Tag Archives: carrots

Easy Grilled Broccoli and Carrots

broccoli carrots

In a matter of a few weeks our farmers market has transformed into the vegetarian equivalent of a candy store. New leaves, baby shoots and spring bulbs are on display in miniature form as their growing season is in full force. In general, I like my veggies cooked simply, and at this time of year their freshness demands it. All that’s needed is a quick steam, saute, or a turn on the grill and you will have a simple and delicious side to any meal.

Broccoli and carrots pretty much sum up the ingredient list for this veggie side I made recently – plus a pinch salt and splash of olive oil for good measure. Everything converged on the grill, which in itself is another ingredient to the dish, adding char to complete the flavor profile. On the grill? Yes, if you are careful and lay the vegetables perpendicular to the grates to prevent them from slipping through. Better yet, if you have a cast iron skillet (which you should), preheat the skillet (or a griddle) on the grill, then sear the vegetables until they wilt and char, and you are good to go. Vegetables simply never tasted so good.

Grilled Broccolini and Carrots
Serves 4 to 6 as a simple side dish

1 pound baby broccoli (broccolini), ends trimmed
1 pound baby carrots, trimmed, halved lengthwise if thick
Extra-virgin olive oil
Salt and freshly ground black pepper

1. Prepare a grill for direct cooking over medium-high heat. If using a skillet or griddle, preheat on the grill for 10 minutes.
2. Place the vegetables in a large bowl. Drizzle with 1 to 2 tablespoons oil – just enough to coat without soaking – and lightly season with salt, then turn to coat.
3. Lay the vegetables perpendicular to the grill grates (or spread in the skillet) and cook until bright in color, crisp-tender, and lightly charred, turning as needed, about 5 minutes, depending on thickness of the stalks.
4. Transfer to a serving bowl and season with additional salt and black pepper, if desired.  Serve warm.
5. Other options: sprinkle crushed red pepper flakes over for a nice bite and drizzle with a squeeze of fresh lemon juice before serving.

Simple Sides: Balsamic Roasted Carrots

carrots roasted tastefood

baby carrots, balsamic vinegar, olive oil, thyme sprigs, kale flowers, sea salt 

I bought a sack of tiny carrots today at the farmers market just because of how they looked. They were not your average stick straight roots, but funny finger sized squiggles with knuckles, knobs and twists – think samba dancing semicolons.  New and sweet, these little babies were the first of Spring, demanding the simplest of preparation. I decided to match their sweetness with a sprinkle of sugar, salt and splash of balsamic vinegar. A quick roast in the oven, softened them to crisp tenderness, shellacking the vinegar in a shiny caramelized coat. What you see is a mere half of my bounty, since I couldn’t stop nibbling the rest while taking the picture.

Balsamic Roasted Carrots
Try to select organic carrots, which will save you the fussy step of peeling.

Serves 4 to 6.

2 pounds organic skinny carrots, washed
1 tablespoon extra-virgin olive oil
Salt
Freshly ground black pepper
Small bunch of fresh thyme sprigs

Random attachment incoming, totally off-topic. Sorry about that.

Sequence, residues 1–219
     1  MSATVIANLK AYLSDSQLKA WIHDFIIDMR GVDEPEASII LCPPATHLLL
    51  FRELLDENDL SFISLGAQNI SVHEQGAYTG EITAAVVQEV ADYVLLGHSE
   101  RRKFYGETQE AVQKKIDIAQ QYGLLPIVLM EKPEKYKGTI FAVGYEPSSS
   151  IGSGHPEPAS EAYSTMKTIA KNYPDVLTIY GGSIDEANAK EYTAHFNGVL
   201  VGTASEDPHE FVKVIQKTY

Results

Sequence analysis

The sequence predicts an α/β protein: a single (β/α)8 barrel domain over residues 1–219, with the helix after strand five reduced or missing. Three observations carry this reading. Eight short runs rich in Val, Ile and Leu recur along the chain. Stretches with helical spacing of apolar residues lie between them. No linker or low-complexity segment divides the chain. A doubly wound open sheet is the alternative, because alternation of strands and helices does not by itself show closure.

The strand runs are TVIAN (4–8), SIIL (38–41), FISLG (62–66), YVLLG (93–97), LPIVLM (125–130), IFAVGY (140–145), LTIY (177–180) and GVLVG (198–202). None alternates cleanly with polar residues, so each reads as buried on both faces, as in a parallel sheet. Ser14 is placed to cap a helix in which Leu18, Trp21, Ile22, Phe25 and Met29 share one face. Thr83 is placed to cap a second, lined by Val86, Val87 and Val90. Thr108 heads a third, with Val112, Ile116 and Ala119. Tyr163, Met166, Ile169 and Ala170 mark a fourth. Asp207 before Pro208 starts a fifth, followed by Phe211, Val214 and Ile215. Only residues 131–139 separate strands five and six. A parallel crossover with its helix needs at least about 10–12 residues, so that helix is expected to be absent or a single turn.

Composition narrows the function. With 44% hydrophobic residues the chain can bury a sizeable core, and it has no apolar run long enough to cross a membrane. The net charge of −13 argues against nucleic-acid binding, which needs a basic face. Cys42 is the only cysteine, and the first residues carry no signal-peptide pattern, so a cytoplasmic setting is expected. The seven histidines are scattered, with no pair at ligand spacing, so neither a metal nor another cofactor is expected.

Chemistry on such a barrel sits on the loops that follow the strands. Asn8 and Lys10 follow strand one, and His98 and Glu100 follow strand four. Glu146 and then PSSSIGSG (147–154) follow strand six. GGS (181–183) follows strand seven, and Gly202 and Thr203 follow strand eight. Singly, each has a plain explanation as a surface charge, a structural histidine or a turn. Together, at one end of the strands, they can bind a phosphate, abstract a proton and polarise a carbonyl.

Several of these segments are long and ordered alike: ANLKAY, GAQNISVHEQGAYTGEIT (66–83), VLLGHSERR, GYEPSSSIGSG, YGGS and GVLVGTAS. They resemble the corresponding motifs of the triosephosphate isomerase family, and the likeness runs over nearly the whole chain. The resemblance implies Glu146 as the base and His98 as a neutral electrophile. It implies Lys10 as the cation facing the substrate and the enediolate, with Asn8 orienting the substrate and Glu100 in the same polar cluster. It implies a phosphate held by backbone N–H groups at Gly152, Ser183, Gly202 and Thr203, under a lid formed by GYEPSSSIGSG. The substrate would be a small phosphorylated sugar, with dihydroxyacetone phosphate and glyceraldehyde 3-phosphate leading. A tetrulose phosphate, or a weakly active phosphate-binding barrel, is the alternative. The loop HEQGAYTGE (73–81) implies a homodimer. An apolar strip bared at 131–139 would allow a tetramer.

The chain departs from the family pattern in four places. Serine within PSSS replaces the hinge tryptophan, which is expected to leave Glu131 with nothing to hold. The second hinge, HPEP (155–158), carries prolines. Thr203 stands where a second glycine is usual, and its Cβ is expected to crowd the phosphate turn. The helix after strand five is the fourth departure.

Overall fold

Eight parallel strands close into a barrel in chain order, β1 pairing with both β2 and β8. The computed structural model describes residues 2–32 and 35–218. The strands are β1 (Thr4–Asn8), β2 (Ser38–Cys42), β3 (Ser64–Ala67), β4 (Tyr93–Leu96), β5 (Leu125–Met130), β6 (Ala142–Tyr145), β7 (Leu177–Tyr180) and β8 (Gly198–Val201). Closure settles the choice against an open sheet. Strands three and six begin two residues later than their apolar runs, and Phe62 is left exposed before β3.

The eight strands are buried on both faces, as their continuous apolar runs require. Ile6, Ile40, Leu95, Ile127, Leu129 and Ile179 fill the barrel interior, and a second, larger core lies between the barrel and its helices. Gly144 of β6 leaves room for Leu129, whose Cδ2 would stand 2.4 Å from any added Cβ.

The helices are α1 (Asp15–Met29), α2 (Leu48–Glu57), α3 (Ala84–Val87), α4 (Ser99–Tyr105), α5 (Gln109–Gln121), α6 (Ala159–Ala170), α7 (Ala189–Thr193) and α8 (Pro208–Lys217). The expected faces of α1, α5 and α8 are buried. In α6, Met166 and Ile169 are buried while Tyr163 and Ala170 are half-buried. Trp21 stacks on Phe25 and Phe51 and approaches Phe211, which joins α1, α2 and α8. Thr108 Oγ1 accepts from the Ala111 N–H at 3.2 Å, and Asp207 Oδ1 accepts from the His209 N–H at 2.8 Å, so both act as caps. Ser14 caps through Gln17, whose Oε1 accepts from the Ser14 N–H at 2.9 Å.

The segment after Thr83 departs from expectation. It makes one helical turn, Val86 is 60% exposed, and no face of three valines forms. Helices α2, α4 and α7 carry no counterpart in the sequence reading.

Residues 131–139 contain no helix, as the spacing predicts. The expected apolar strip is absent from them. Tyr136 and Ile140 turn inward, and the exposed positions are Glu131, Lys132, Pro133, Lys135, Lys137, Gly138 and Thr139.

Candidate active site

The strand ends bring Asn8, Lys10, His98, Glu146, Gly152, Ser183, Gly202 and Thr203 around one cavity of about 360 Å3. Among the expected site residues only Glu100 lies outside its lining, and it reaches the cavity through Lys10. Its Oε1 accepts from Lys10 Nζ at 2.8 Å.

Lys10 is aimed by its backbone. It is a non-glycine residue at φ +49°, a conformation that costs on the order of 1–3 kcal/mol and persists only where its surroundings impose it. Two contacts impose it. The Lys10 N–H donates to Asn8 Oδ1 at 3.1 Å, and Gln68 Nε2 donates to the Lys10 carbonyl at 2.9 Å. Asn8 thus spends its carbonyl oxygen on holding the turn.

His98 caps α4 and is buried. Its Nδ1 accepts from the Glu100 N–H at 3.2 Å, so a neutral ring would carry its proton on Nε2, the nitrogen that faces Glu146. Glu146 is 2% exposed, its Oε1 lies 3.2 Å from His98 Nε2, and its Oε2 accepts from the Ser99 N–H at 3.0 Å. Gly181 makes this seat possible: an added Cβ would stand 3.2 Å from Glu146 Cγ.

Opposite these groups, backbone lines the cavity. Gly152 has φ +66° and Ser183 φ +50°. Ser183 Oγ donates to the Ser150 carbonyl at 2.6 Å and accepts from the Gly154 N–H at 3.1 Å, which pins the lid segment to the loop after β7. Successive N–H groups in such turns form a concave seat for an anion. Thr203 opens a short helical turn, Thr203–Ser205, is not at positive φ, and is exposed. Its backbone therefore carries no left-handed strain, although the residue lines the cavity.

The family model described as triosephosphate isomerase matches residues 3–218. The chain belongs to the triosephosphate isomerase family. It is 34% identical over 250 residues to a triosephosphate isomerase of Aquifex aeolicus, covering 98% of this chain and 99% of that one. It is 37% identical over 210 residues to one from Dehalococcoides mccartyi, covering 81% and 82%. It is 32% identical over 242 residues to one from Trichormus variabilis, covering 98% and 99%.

2 tablespoons balsamic vinegar
1 teaspoon sugar
Sea salt flakes

Heat oven to 400° F.  Trim the ends of the carrots. Place in a large bowl. Add oil, salt and pepper. Toss to coat. Pour onto a rimmed baking sheet. Scatter the thyme sprigs over the carrots. Roast on the middle rack of oven until carrots are crisp tender, 8 to 12 minutes, depending on thickness of carrots.

Remove carrots from oven. Turn on the broiler. Drizzle the carrots with balsamic vinegar and sprinkle with sugar, and jiggle the carrots around to coat. Return to top rack in  oven. Broil until slightly caramelized and golden, 1 to 2 minutes, shaking pan once or twice. Serve warm sprinkled with sea salt flakes.

Cooking for Your Health: Kale and Quinoa Salad

Kale, Quinoa, Carrots, Red Cabbage, Chickpeas, Raisins, Lemon 

Just because it’s winter doesn’t mean you can’t eat your salad. After all, we adapt our wardrobe for the cold season, and we can do the same with our vegetables. Fresh winter salads, fortified with grains and legumes, heartily provide us with a plateful of immunity-boosting accessories to keep the the doctor away. This kale and quinoa salad is packed with healthy ingredients rich in nutrients, anti-oxidants and protein. Kale is a superfood, rich in vitamins A, C and K, high in fiber and the plant form of omega-3 fatty acids as well as cancer fighting phytonutrients. That’s a lot of nutritional heft for a member of the cabbage family. Teamed up with quinoa, an ancient grain and an amino acid-rich protein, these 2 ingredients form a powerhouse of nutrition, promoting health, clear breathing and anti-inflammation. More importantly, they taste great – especially when seasoned and tumbled with raisins, chick peas and carrots in a cumin-spiced lemon vinaigrette .

Winter Kale and Quinoa Salad with Lemon Cumin Vinaigrette 

The beauty of this salad is that its ingredients may be mixed and matched according to availability and taste. Fresh, raw spinach may be combined with or substituted for the blanched kale. If you don’t have quinoa in the pantry, then try bulgur or wheat berries. Almonds or walnuts are a delicious, nutrient-rich substitution for the chickpeas.

Serves 4-6.

For the vinaigrette:
2 tablespoons sherry vinegar
1 tablespoon freshly squeezed lemon juice
1/2 teaspoon finely grated lemon zest
1/2 teaspoon ground cumin
1/2 teaspoon salt, or to taste
1/2 teaspoon freshly ground black pepper
1/3 cup extra-virgin olive oil

For the salad:
1 large bunch curly kale – (chou frisée)
2 large carrots, peeled, grated
1/4 small head of red cabbage, shredded
1 cup chick peas
1/2 cup cooked quinoa
1/2 cup golden raisins

Prepare the vinaigrette:
Whisk together all of the ingredients except the olive oil in a small bowl. Add oil in a steady stream, constantly whisking to emulsify. Set aside.

Prepare the salad:
Remove the tough veins from the kale leaves. Tear leaves into large pieces. Bring a large pot of salted water to a rolling boil. Add the kale leaves. Blanch until bright green but not wilted, 10-15 seconds. Drain immediately and refresh under cold water or in a bowl of ice water. Spread in one layer on a kitchen towel and blot dry. Toss kale, carrots and red cabbage together in a large bowl. Add the chickpeas, raisins and half of the quinoa. Toss with half of the vinaigrette. Transfer to a serving platter or divide among serving plates. Sprinkle with additional quinoa. Drizzle with remaining dressing to taste.